[Racism & Antisemitism]
Governor Cuomo: “New York will continue to light the way for hope and acceptance, especially in the darkest of times, and we will be more united than ever before.”
Photo: Wikimedia Commons

Racism and religious intolerance have been steadily on the rise since Donald Trump and his “very fine people,” like Stephen Miller, entered the White House.

New York Governor Andrew M. Cuomo Sunday issued a joint statement with over 130 faith leaders–including Rev. Al Sharpton, Rev. Dr. A.R. Bernard, and Dr. Calvin Butts–from across the state condemning anti-Semitism in wake of an attack that took place during a Hanukkah celebration in Monsey last night.

Today, civil rights leaders are meeting at the National Action Network, with Rev. Al Sharpton, to discuss the recent spate of attacks.

Saturday night’s mass stabbing is the latest in a disturbing rash of anti-Semitic attacks throughout the state during the Hanukkah holiday.

“Anti-Semitism, bigotry and hate of any kind are repugnant to our values and will not be tolerated in our state,” said Cuomo. “We condemn this attack and all attacks against members of the Jewish community in New York — an attack against one of us is an attack against all of us. Together we will continue fighting hate and intolerance with love and inclusion.”

Governor Cuomo had issued an earlier statement regarding the Friday attack saying, “I am completely disgusted to learn of the attack on three members of our Jewish community in Brooklyn on Friday – the 6th anti-Semitic incident in New York City just this week. This recent spate of hate-fueled crimes is even more disturbing as they occurred during the Hanukkah holiday, a time when Jewish New Yorkers gather to celebrate.

“The cowards responsible for these despicable attacks are trying to inject fear into our Jewish communities, but New Yorkers will always band together and categorically reject anti-Semitism whenever it rears its ugly head. New York will continue to light the way for hope and acceptance, especially in the darkest of times, and we will be more united than ever before.”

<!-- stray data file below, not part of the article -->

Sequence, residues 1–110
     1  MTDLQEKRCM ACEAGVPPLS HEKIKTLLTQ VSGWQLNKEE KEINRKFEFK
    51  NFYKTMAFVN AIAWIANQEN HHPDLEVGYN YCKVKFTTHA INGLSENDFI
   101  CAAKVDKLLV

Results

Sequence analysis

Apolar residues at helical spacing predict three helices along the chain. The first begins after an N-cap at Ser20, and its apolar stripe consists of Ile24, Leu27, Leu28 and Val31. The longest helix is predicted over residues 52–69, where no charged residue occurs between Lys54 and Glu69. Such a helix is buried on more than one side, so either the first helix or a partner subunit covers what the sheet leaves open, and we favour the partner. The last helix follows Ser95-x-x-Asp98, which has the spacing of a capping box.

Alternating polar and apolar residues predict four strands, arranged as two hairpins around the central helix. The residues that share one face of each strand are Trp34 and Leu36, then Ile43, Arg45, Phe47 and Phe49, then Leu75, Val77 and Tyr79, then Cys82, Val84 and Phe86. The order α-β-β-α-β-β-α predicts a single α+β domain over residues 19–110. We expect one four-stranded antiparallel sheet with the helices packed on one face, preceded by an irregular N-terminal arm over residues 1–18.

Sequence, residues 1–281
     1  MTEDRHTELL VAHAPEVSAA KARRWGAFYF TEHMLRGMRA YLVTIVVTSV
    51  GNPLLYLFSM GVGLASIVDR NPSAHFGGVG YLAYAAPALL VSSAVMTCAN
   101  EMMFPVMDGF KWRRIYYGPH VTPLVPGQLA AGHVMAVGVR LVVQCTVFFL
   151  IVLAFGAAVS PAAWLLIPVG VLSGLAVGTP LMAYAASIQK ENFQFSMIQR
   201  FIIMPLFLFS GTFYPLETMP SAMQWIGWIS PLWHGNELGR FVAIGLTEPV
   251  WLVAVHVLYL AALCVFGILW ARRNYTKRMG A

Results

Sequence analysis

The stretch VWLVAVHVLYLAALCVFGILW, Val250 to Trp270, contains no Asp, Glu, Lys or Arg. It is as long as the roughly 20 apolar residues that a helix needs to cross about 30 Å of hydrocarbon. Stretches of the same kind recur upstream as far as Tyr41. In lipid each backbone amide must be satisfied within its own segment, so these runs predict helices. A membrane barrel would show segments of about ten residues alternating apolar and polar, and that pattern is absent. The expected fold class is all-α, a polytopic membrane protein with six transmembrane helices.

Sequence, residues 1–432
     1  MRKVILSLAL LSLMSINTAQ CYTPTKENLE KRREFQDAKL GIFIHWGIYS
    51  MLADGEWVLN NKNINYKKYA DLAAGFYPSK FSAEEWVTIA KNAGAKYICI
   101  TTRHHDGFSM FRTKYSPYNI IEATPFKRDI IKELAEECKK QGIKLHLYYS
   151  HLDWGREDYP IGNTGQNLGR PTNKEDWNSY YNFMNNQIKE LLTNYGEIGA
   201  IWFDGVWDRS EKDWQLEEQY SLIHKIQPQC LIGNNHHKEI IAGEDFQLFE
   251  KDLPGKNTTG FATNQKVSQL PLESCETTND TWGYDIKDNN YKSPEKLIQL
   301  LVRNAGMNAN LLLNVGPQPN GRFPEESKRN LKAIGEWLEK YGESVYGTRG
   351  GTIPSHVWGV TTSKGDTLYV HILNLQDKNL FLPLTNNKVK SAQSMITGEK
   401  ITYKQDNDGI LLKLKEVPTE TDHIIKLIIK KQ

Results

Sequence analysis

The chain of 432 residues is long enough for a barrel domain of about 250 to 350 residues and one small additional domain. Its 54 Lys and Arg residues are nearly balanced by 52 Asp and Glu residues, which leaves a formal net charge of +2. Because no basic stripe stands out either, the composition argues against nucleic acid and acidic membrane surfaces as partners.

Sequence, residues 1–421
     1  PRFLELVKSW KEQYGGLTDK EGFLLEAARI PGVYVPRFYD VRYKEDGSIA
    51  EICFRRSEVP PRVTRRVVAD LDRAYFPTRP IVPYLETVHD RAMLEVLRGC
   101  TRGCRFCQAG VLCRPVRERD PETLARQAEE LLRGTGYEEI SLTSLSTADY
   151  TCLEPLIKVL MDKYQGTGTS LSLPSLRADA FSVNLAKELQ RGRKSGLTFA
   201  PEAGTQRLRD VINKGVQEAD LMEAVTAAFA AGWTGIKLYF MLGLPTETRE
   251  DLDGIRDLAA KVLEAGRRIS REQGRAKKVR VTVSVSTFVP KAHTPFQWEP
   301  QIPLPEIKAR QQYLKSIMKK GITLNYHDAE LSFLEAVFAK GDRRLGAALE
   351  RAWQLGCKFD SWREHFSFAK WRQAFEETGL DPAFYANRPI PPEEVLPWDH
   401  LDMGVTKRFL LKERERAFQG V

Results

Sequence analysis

Several congressional leaders have released statements condemning the rise of racism and religious intolerance including California Congresswoman Maxine Waters and California Rep. Karen Bass.

“I’m saddened and pained by the anti-Semitic attack on the Jewish community in Monsey, New York on the seventh day of Hanukkah, a sacred period of rededication, joy, and light,” said Waters. “The recent violent attacks in New York and New Jersey, and the escalating extremist violence targeting places of worship and religious communities across the country must be stopped. I extend my sincere condolences to the victims and their families. Our resolve as a country must be to stand together in unity and tolerance during such a difficult time.”

“Yesterday’s shocking attack inside a rabbi’s home on the seventh night of Hanukkah is heartbreaking and enraging,” said Bass. “This follows a week of anti-Semitic acts and attacks on the Jewish community in New York, which have included physical intimidation, physical abuse and public harassment. Those that perpetrate these acts of hatred must be found, confronted and brought to immediate justice. Those who devise, promote and spread these ideologies must be stopped as well. This is not just a task for New York law enforcement or the New York community. This is a task for all of us. These attacks are on the rise throughout the country. My thoughts are with the Jewish community during this difficult time, as we come together as one to rebuke this hatred, completely and fully.”

The Leadership of the Congressional Caucus on Black-Jewish Relations, made up of Co-chairs Brenda Lawrence (D-MI), Debbie Wasserman Schultz (D-FL), Will Hurd (R-TX), John Lewis (D-GA), and Lee Zeldin (R-NY), also issued this group statement following the attack on Rabbi Chaim Rottenberg’s home in Monsey, New York:

“We condemn in the strongest possible terms the anti-Semitic attack in Rabbi Chaim Rottenberg’s home in Monsey, New York, during the Jewish holiday of Hanukkah. This surge in anti-Semitic attacks is a disturbing trend both here in the United States and abroad. We cannot tolerate these discriminatory, hateful, and cowardly acts. We stand with the victims in Monsey, their families, and the entire Jewish community who have been victims of violent attacks during Hanukkah, a holiday that celebrates religious freedom. Every individual in this country deserves to feel safe and worship without fear. It is this commitment to diversity that has made the United States a beacon of hope and a place of sanctuary for people around the world. The Caucus will continue to stand united in fighting for liberty and justice for all.”

In another attack Sunday in White Settlement, Texas, a gunman killed two inside the West Freeway Church of Christ before he was killed by armed church security. It has been reported that one of the victims, 64-year-old Anton “Tony” Wallace, a church deacon, was an African-American.

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